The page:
Asian central banks will initially try to stem currency weakness through intervention,” Brooks said. “But then Asian central banks will step back, and in my mind, the big underperformer on a six-month horizon could be EM Asia.”

Goldman then discusses how Trump’s jawboning of the Fed will impact both the Fed’s outlook on the global economy and negotiations with foreign nations:

“The evolution of the conflict to more directly focus on FX would be consistent with how major trade disputes have played out in the past—often involving negotiated Dollar weakness—as well as the Administration’s goal of reducing the US trade deficit. We do not think the President’s comments on the Fed affect the outlook for US monetary policy. However, they could impact how other countries are approaching trade disputes, either by bringing them to the negotiating table or affecting currency policy directly.” 

As depicted, while the issues concerning the Yuan have been developing over the last 60 days or so, they have finally made their way into the forefront of investor minds. If in fact we are still a global economy, interdependent on the stability of global economic activity and currencies then we have to weigh the contagion risks from a Yuan fall-out.

Whether it is the Yuan devaluation, trade spats/wars, midterm elections and an unclear agenda from the White House, investors are left with a great deal to consider.  Many fund managers, with regards to corporate global profits don’t believe global net profits will improve from this point going forward according to a recent BofA Merrill Lynch fund survey depicted below.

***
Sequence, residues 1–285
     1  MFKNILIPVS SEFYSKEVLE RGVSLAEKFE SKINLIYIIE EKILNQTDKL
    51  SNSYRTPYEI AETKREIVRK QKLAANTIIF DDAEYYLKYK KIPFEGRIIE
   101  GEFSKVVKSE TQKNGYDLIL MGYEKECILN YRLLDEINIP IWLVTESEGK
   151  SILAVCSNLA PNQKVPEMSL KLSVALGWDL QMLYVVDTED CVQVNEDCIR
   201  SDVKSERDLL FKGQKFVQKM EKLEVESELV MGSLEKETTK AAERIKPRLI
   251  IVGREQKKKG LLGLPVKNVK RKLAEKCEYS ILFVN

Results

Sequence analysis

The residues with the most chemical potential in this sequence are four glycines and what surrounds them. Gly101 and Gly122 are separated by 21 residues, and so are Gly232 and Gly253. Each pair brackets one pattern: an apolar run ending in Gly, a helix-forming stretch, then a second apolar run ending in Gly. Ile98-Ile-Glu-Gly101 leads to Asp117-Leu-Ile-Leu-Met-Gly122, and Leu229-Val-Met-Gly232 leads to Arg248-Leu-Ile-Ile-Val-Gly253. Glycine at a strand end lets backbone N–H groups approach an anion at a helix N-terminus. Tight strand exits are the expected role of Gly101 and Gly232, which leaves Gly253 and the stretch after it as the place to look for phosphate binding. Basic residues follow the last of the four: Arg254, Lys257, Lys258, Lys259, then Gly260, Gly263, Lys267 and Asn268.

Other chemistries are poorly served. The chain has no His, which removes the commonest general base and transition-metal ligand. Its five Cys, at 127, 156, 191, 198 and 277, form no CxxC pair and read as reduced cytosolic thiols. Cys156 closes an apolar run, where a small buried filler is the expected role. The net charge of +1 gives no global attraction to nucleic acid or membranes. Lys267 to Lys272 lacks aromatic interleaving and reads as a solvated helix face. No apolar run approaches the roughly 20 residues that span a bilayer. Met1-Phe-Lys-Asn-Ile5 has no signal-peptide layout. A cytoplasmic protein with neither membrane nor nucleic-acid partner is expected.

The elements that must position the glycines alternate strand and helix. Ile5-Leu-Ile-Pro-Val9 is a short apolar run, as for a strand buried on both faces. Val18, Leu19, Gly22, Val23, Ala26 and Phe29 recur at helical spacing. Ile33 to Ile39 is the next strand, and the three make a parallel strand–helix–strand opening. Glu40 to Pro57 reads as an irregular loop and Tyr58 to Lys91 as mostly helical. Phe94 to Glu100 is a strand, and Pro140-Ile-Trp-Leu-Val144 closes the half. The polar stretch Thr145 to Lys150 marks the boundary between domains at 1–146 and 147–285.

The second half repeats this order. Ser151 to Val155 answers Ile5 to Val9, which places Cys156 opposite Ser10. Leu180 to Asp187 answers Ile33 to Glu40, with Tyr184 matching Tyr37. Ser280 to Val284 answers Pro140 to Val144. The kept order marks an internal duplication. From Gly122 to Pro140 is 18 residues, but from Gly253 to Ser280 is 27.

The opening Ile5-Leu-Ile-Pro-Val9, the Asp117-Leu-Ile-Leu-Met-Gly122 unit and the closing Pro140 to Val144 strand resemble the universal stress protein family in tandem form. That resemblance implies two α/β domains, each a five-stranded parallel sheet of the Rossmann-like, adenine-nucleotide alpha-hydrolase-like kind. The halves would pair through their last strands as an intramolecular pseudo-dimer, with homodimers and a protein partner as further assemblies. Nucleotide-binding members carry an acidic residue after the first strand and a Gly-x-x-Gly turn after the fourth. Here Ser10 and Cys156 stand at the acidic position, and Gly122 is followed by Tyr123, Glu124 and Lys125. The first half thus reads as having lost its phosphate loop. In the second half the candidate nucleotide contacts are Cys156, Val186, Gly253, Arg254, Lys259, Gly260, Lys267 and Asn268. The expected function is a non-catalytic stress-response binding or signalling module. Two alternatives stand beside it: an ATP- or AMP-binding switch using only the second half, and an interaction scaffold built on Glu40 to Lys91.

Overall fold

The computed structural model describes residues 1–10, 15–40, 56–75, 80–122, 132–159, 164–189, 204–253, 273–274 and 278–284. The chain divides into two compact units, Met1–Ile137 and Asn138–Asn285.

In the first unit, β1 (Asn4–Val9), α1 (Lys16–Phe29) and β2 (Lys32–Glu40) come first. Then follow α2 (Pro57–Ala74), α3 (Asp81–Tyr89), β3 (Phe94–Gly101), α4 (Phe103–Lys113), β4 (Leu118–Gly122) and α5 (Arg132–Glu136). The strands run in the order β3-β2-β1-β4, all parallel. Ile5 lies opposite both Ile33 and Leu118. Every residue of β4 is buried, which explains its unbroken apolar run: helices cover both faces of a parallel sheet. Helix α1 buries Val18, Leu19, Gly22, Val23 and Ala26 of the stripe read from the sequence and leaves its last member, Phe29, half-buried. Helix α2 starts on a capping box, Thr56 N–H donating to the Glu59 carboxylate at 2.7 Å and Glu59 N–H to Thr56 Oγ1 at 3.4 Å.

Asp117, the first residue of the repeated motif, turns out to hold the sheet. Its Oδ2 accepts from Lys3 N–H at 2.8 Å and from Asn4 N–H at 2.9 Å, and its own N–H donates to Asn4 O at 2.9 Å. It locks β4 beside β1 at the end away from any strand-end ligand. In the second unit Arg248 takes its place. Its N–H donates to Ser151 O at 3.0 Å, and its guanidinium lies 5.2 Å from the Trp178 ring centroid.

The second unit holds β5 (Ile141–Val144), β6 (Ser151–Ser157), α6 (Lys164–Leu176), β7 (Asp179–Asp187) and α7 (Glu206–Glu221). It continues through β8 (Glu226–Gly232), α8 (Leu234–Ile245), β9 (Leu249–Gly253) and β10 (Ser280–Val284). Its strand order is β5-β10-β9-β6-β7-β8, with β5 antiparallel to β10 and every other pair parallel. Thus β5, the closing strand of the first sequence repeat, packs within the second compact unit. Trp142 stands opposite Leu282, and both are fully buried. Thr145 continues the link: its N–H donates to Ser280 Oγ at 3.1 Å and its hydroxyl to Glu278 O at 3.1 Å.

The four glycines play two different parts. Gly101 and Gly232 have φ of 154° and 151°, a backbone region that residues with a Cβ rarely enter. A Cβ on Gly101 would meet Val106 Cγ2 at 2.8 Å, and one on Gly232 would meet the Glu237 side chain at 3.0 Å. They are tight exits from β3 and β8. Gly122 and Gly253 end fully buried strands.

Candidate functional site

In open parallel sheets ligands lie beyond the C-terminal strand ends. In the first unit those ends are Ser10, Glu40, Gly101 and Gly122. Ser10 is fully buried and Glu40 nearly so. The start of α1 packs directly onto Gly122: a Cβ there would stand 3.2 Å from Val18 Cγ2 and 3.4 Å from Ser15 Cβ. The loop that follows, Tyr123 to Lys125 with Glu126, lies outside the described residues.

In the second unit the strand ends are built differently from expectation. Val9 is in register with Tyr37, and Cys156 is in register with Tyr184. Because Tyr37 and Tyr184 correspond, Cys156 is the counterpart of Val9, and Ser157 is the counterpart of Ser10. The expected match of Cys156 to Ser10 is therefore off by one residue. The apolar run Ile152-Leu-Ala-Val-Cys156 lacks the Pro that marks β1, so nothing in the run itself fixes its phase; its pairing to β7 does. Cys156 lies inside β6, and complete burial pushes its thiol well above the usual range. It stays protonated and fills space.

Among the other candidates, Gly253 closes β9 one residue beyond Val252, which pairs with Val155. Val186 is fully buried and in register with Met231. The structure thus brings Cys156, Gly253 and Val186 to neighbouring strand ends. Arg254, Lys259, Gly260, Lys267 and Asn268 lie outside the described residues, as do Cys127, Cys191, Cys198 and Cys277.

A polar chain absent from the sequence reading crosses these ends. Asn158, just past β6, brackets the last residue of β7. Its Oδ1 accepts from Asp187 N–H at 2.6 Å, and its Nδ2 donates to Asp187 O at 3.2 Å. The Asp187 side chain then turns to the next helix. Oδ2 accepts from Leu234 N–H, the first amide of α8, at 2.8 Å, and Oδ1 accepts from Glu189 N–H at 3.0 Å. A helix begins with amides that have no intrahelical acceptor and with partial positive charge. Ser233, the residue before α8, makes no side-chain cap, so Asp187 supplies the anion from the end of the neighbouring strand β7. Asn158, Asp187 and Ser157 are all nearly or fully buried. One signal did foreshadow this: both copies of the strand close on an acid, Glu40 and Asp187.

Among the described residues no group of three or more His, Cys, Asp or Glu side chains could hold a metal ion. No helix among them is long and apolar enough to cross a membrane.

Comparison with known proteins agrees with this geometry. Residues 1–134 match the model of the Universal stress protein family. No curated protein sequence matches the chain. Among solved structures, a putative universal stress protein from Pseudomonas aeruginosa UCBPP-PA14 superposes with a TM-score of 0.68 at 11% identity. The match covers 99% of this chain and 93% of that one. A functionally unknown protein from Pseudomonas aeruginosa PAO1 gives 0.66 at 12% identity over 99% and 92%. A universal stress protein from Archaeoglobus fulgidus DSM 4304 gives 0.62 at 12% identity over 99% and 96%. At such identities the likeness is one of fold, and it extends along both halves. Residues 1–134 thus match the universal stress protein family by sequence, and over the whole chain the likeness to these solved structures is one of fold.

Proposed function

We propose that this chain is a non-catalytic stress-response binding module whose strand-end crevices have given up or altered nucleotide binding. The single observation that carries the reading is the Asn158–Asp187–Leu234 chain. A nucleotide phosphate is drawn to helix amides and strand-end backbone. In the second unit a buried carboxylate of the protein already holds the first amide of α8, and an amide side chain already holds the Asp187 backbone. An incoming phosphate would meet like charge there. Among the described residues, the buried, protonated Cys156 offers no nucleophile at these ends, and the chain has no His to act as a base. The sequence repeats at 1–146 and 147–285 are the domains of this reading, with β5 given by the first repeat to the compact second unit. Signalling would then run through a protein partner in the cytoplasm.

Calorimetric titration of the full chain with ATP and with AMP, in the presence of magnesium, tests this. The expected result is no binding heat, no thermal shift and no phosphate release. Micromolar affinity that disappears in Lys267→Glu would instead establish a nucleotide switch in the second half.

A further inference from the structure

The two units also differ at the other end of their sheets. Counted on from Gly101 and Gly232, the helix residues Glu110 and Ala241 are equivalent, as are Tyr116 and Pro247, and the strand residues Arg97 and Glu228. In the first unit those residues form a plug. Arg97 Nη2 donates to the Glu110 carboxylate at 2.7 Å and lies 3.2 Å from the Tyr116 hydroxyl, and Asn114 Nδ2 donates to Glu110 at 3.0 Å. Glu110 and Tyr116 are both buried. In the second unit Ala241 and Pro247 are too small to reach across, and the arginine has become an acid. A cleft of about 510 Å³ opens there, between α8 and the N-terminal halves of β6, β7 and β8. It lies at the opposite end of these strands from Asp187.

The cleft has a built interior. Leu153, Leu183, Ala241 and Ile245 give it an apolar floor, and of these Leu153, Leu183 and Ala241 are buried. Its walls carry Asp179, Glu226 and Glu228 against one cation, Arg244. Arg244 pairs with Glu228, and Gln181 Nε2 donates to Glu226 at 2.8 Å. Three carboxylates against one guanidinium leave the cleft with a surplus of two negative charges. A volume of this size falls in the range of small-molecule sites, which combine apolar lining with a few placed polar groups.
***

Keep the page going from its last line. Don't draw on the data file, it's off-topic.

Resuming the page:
From the survey, it’s clear that profit expectations are near their lowest level since 2016. And we all know how global profits have performed since that time. One thing the surveys show is that, by and large, nobody is in love with the bull market or has a profound bullish bias toward corporate profits.

While earnings will be the focus of trading this week, with a close eye on the Yuan and Chinese markets, GDP will be the highlight of the economic data to be reported. Most economists are expected Q2 GDP to accelerate from Q1.

In terms of Q2 GDP forecasts, let’s take a look firstly at the CNBC Rapid Update, which offers a new measure for how much an economic report changes the outlook on Wall Street for U.S. growth forecasts. With each major report that impacts Gross Domestic Product, Moody’s Analytics and CNBC measure how much the new data changes the average tracking forecast among a select group of Wall Street economists.

Switching gears, somewhat, for the moment we find ourselves discussing matters surrounding market volatility and SKEW. We recognize that the VVIX (volatility of volatility) has been heading higher and is above the 100 level presently. While elevated, it doesn’t forecast immediate danger, but it is something to take note of as we recognize very clearly there are outsized buyers of call options, pushing VVIX higher.

How do we define the current level of activity within the VVIX. Basically it suggests that the recent rally in the SPX is either extended or not finding believers. Now let’s talk about SKEW!

So what is SKEW? The CBOE’s SKEW Index measures potential risk for the financial markets over the next 30 days. It has been in existence since 1990. When the SKEW Index spikes, conventional “wisdom” assumes that there’s a greater chance of a major event occurring in the financial markets. The SKEW Index typically ranges from 100 to 150. The higher the value, the greater the chance of a major market event.